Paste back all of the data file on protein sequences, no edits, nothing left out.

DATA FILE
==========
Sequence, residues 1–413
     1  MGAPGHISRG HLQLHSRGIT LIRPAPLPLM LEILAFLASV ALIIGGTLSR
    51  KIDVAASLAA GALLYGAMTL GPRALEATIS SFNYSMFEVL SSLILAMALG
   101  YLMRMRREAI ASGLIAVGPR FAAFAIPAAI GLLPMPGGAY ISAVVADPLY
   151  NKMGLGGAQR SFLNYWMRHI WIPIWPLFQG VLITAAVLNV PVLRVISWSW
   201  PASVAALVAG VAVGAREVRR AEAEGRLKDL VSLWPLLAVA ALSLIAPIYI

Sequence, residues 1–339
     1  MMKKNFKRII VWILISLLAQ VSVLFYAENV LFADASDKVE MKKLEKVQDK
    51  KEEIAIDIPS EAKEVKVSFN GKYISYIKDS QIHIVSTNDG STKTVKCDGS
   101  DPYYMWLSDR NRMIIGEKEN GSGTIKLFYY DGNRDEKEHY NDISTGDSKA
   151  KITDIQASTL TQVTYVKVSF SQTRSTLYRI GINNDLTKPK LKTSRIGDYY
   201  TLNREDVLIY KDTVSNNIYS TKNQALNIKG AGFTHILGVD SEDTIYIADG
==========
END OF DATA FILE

Sequence, residues 1–413
     1  MGAPGHISRG HLQLHSRGIT LIRPAPLPLM LEILAFLASV ALIIGGTLSR
    51  KIDVAASLAA GALLYGAMTL GPRALEATIS SFNYSMFEVL SSLILAMALG
   101  YLMRMRREAI ASGLIAVGPR FAAFAIPAAI GLLPMPGGAY ISAVVADPLY
   151  NKMGLGGAQR SFLNYWMRHI WIPIWPLFQG VLITAAVLNV PVLRVISWSW
   201  PASVAALVAG VAVGAREVRR AEAEGRLKDL VSLWPLLAVA ALSLIAPIYI

Sequence, residues 1–339
     1  MMKKNFKRII VWILISLLAQ VSVLFYAENV LFADASDKVE MKKLEKVQDK
    51  KEEIAIDIPS EAKEVKVSFN GKYISYIKDS QIHIVSTNDG STKTVKCDGS
   101  DPYYMWLSDR NRMIIGEKEN GSGTIKLFYY DGNRDEKEHY NDISTGDSKA
   151  KITDIQASTL TQVTYVKVSF SQTRSTLYRI GINNDLTKPK LKTSRIGDYY
   201  TLNREDVLIY KDTVSNNIYS TKNQALNIKG AGFTHILGVD SEDTIYIADG